Heather Goldenhersh is also great as their daughter, Fanny, and it’s sad that this adaptation doesn’t have time to do more with her.
Nathan Lane is the funniest Vincent Crummles and while I’m not a big fan of having his wife be a cross cast role, Dame Edna Everage AKA Barry Humphries definitely brings a Dickensian flair to it.
Romola Garai and Anne Hathaway vanish into the roles of Victorian-style heroines, Kate and Madeline.
Tom Courtenay brings an almost unprecedented tragic dignity to Newman Noggs while also delivering on spot-on comedic timing when called upon to do so.
As a matter of fact, there’s only one bit of casting that isn’t perfect in this movie and unfortunately, it’s a pretty big one: Charlie Hunnam as Nicholas. He has more trouble than the rest of the cast with the stagy dialogue, something this adaptation embraces unlike the 1947 movie, and comes across as a bit stiff. His best moments tend to be wordless. He isn’t a disaster or anything, but he doesn’t give the definitive take on his character as just everybody else here does.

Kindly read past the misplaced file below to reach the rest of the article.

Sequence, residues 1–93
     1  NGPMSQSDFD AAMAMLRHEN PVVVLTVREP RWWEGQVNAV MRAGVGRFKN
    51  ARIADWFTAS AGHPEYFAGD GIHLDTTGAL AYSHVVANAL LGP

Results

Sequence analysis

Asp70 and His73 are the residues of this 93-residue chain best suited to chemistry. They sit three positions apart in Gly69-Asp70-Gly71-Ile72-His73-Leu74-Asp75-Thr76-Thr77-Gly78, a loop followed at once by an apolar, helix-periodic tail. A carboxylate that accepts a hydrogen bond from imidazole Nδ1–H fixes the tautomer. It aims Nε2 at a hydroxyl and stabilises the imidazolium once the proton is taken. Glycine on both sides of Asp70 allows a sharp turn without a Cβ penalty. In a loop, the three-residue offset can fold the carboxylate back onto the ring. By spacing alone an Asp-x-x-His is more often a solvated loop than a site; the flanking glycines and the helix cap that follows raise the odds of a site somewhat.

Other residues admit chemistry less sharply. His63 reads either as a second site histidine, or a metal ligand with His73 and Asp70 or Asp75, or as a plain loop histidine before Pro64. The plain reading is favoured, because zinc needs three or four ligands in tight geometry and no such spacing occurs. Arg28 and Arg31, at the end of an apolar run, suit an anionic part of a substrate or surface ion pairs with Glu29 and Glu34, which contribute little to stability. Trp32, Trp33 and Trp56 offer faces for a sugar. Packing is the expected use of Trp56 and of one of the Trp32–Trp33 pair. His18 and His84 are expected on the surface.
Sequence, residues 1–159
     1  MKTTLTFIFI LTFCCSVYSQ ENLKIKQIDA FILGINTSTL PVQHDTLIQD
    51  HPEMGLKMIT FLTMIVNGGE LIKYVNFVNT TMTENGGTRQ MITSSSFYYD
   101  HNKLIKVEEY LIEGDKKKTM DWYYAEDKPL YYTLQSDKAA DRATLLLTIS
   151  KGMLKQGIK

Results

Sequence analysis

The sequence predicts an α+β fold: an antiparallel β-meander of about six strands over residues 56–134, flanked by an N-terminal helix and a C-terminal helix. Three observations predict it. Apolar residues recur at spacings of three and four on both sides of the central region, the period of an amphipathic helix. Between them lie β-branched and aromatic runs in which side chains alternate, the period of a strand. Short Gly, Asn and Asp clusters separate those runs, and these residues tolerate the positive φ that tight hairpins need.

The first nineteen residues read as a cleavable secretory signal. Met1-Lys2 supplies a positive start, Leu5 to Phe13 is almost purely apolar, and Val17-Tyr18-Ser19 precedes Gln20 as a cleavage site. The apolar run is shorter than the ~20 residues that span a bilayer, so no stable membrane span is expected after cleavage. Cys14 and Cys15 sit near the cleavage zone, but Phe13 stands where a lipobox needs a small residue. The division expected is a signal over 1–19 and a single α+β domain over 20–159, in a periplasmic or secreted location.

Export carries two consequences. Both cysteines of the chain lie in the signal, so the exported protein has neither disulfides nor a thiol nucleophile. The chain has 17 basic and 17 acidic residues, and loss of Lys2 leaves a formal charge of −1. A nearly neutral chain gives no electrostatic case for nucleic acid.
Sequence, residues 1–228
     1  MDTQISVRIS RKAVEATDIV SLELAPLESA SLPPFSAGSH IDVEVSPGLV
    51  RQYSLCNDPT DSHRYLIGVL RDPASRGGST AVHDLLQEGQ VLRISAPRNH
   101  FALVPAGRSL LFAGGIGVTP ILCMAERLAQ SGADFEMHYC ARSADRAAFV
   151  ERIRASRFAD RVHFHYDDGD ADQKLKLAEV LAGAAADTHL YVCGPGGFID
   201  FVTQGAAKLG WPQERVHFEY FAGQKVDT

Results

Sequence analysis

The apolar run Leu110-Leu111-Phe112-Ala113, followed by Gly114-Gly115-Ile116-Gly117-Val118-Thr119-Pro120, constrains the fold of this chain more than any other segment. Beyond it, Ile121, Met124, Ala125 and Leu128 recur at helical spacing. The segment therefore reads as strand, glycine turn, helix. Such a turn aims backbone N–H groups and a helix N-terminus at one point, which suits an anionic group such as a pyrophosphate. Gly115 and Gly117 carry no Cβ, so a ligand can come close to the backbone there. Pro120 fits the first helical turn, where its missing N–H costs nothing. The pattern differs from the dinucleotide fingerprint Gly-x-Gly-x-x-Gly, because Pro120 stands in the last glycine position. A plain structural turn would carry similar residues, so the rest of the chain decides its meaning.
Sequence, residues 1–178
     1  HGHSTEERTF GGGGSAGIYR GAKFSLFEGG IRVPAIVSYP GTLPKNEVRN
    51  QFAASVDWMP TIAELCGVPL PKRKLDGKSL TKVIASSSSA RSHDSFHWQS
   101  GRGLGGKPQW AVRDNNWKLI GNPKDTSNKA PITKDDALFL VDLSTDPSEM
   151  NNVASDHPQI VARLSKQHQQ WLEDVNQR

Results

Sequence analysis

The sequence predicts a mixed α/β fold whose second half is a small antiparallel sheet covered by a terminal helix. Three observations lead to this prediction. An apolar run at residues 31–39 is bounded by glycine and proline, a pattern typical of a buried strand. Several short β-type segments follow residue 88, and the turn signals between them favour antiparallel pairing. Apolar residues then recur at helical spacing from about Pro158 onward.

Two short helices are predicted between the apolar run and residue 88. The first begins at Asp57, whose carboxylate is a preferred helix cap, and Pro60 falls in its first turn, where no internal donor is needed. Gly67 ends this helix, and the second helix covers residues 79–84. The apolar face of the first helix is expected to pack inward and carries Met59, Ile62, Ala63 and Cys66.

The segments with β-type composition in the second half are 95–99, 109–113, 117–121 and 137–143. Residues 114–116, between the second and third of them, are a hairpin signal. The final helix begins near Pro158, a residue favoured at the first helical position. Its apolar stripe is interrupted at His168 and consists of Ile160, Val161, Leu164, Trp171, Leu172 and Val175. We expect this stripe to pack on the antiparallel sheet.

Longtime readers may remember me praising the 2008 Little Dorrit miniseries for how its sets aided the storytelling and furthered the characterizations. Eve Stewart’s production design in this Dickens adaptation does much the same thing more subtly. Ralph Nickleby’s chilly home/office, the bleak, Spartan Dotheboys Hall, Vincent Crummles’s tacky caravan, and Miss La Creevy (Sophie Thompson)’s cheerfully eccentric abode all reflect the personalities of their owners. As screenwriter and director, McGrath has a gift for economic visual storytelling. In one shot, he memorably conveys Nicholas’s struggle to find a good job, something that takes a number of chapters in the book and would normally take a montage in a movie.